Call of Duty League team Toronto Ultra marked the start of Modern Warfare II (MWII) with a launch party at the Overactive Media headquarters in Liberty Village on Friday.
The refreshed 2023 roster – which includes Tobias Juul “CleanX” Jønsson, Jamie “Insight” Craven, Eli “Standy” Bentz and Thomas “Scrappy” Ernst – spent more hands-on time through its Early Access beta ahead of training.
Modern Warfare II, Infinity Ward’s first-person shooter sequel to 2019’s Modern Warfare, launched with a free-to-play early access beta for PlayStation users across September. Toronto Ultra were some of the first players to experience its multiplayer suite with limited Rank progression. Players also try a handful of online 6v6 modes, including classic Team Deathmatch, Search & Destroy, Hardpoint and the brand new Prisoner Rescue.
Players also get to see Call of Duty‘s gameplay tweaks. Its first NEXT event showcased a number of improvements with movement and gunplay. More notably, Modern Warfare II brings players back from 2021’s World War Two setting in Vanguard. Last year’s game revisited the vintage era, first established in 2003’s original Call of Duty. In 2007, Infinity Ward dove into the present day with Call of Duty 4: Modern Warfare and set a baseline for the franchise’s multiplayer-first development.
Modern Warfare II is not a direct reboot of 2009’s critically-acclaimed shooter by Infinity Ward. Instead, the game marks the latest entry in Call of Duty. Its new gameplay is also matched with its present day setting, which brings back weaponry, characters and technologies absent from Vanguard.
“Last year definitely put my expectations pretty low,” said Tobias Juul “CleanX” Jønsson, adding 2022’s Call of Duty instalment feels more exciting than Vanguard‘s familiar atmosphere. The beta was also Jønsson’s chance to dive into the gameplay and maps even more without much prior access. Colourful energy, MWII‘s new movement system and the Gunsmith 2.0 customization were just some of the features he felt impressed by. Competitively, he hopes developers keep the game’s design consistent – something which affects attack plans and winning strategies across maps.
“I just want to be promised simple and good maps that will work for whatever we are going to be playing next year as competitors,” Jønsson adds. “It’s definitely going to be a thing we have to adjust. I think it will work out, because they will have more time to work in the game that’s currently being played for two years. They’ll have time to update it.”
Guests, press and Toronto Ultra’s roster sat across rows of PlayStation consoles to demo the Early Access Beta a week before it opens to more players. A total of five maps are included with the beta, which Eli “Standy” Bentz wanted to test with MWII‘s mechanics. He hopes maps will have more “lanes”, which give players routes from one end to another. Lanes are also affected by cover, lines of sight and high ground, which gives teams advantages.
“You may have the advantage, or you could be a better player, but you could die sometimes technically just because of the way the game plays out,” Bentz said, adding MWII players familiar with maps also have to keep up with changes. “It’s more traditional when it comes to playing and you get rewarded for being more prepared for players to come to you,” he said.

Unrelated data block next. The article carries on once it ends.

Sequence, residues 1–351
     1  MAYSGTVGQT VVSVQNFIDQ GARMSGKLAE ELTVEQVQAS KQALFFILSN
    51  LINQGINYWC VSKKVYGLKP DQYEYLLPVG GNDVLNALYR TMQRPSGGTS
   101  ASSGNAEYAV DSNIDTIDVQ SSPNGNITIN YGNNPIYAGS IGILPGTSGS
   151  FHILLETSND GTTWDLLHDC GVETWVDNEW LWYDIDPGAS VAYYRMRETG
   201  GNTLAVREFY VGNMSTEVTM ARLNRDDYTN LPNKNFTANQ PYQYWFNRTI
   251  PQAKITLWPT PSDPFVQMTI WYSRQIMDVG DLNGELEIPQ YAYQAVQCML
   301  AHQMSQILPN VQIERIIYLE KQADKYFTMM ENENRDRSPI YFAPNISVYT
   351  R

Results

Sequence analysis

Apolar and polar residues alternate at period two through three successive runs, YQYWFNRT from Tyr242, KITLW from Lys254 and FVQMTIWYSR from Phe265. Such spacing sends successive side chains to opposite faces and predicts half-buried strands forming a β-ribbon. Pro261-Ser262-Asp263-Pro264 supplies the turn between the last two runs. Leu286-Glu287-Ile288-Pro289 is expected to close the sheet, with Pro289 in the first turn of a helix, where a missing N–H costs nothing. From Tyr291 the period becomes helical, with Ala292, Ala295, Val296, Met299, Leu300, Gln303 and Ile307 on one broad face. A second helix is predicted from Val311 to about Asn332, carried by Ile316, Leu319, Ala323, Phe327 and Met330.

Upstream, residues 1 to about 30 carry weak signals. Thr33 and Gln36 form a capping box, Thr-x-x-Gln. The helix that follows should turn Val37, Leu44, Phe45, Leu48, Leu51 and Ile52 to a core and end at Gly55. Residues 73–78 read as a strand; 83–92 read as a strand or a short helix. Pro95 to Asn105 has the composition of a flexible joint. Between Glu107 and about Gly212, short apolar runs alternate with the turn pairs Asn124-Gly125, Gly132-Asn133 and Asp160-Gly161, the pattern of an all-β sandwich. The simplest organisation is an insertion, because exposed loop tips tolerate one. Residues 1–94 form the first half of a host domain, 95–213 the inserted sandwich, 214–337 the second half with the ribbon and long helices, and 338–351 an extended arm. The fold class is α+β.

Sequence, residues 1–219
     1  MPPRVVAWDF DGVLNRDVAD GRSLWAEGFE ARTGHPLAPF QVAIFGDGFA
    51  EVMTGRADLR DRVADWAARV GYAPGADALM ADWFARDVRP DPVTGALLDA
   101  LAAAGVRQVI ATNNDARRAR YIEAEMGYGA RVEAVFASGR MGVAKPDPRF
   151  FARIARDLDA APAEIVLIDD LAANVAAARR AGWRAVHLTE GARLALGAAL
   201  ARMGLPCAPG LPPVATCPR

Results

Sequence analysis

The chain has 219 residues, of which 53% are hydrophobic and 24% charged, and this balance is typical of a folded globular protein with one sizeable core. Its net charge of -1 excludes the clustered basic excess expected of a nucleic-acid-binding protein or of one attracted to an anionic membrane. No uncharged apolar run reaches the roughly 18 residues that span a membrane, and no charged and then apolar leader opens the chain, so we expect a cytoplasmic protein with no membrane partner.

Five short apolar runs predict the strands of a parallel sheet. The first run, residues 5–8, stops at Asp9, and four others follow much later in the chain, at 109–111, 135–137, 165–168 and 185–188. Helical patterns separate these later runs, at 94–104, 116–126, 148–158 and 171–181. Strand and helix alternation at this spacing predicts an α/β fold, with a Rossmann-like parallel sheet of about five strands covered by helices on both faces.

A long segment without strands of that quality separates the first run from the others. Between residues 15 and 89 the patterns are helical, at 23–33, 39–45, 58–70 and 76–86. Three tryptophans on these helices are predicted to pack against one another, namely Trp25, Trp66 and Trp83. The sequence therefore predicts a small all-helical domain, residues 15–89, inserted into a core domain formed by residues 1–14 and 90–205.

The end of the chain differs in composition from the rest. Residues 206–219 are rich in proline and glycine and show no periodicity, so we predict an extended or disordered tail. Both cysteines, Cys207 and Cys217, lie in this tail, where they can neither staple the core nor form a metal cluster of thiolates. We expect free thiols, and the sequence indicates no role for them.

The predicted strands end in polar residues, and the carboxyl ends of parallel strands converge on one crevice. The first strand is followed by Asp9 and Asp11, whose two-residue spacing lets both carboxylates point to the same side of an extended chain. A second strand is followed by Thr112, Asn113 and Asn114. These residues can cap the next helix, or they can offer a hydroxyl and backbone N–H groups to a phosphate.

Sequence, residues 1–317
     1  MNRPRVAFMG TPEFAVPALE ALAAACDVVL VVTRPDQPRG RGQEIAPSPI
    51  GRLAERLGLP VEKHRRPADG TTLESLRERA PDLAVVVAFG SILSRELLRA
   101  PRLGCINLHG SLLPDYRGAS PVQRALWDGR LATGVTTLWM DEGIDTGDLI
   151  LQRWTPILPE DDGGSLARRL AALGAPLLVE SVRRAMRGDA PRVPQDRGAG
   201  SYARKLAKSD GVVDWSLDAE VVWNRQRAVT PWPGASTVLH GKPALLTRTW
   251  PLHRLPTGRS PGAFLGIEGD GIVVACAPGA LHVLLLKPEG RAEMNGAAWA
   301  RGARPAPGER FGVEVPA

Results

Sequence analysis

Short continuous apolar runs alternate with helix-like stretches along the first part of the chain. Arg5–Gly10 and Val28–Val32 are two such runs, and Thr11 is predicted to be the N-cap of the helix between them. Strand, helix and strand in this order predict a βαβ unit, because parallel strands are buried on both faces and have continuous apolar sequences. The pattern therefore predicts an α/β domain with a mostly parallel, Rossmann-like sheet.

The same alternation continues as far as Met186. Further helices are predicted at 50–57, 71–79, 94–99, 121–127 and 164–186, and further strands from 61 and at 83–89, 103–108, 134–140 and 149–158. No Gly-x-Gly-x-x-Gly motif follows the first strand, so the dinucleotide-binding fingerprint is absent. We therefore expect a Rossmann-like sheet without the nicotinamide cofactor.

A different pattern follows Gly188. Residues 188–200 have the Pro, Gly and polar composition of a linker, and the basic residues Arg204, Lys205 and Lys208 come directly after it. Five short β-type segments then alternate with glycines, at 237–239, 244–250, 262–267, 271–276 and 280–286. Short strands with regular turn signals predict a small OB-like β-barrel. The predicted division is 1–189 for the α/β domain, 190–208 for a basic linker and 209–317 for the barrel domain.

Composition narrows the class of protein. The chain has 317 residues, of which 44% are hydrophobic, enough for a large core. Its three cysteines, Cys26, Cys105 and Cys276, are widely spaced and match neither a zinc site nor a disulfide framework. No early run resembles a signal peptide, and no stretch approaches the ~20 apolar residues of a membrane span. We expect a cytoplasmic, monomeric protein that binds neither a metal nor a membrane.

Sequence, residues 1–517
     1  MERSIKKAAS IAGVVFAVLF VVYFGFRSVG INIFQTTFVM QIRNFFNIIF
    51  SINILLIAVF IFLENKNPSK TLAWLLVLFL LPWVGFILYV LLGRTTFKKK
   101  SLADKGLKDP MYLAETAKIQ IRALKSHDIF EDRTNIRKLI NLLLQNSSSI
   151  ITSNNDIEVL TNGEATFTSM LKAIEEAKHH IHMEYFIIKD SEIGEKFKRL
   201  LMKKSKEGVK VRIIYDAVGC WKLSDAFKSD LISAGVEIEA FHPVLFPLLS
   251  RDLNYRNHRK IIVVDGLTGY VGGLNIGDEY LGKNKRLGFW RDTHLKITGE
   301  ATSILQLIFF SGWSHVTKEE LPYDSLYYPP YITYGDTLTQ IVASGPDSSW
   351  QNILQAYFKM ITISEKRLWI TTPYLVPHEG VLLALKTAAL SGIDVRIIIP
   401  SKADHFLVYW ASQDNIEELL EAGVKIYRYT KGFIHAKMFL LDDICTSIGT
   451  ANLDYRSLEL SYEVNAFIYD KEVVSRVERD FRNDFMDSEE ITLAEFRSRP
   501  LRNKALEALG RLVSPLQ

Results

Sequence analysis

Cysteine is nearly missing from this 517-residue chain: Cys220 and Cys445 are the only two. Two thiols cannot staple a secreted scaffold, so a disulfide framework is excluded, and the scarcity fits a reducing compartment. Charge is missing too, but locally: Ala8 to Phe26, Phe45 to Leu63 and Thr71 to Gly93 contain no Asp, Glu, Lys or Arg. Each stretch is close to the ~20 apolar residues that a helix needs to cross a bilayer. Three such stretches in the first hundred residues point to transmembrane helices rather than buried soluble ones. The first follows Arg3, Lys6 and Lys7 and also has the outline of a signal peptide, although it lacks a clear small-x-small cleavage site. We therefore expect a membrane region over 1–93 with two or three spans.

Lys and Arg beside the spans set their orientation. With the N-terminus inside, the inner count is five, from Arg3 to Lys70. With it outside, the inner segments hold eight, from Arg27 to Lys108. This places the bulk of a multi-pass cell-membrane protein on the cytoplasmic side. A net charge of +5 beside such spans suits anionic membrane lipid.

As “Standy,” Bentz is the latest addition to Toronto Ultra’s roster after debuting in his first CDL with Minnesota RØKKR in 2021. He faced off against Toronto across the season and currently sits at a 0.99 kill/death ratio across 22 matches. Standy also helped Minnesota win the 2021 CDL Major Championship last August, in a close 4-4 tiebreaker match against Toronto Ultra.
Toronto Ultra, with the addition of Bentz, is looking to move up from its previous 7th place standing in the 2022 season. Since January 2021, the team has struggled to reach the top five with 16 match wins and 18 match losses. Bentz also leaves Minnesota after a challenging 2022 season run, placing 11 of 12th in overall standings and not making the playoff cut.
Modern Warfare II will become the next game that will be used for Call of Duty League’s 2023 season, which gives Toronto Ultra, Minnesota and other teams to make the qualifiers. Eight out of 12 teams can play in the Majors after preliminary matches.
With MWII as the new platform for competition, Toronto Ultra 2023 member James “Insight” Craven also hopes his team’s strategies don’t have to change according to what game developers add or remove.
“Fingers crossed, there’s more consistency,” Craven said, adding their 2022 season with Call of Duty: Vanguard felt more competitive than before. While ever-changing updates, quality of life improvements and map tweaks for players also affect the tournament as it happens.
“One day you can get on and something would work. Next day, you could get on, and it wouldn’t work, just purely because of how the game played. So I’m just honestly hoping for a bit more consistency, whether it be with spawns, maps, all that kind of stuff, game modes,” he said.
Call of Duty: Modern Warfare II launches on October 28, 2022. The Early and Open Access betas are underway for PlayStation users across September. The 2023 Call of Duty League season start date has yet to be announced. Stay tuned for CGM’s ongoing coverage with Beta impressions and annual review.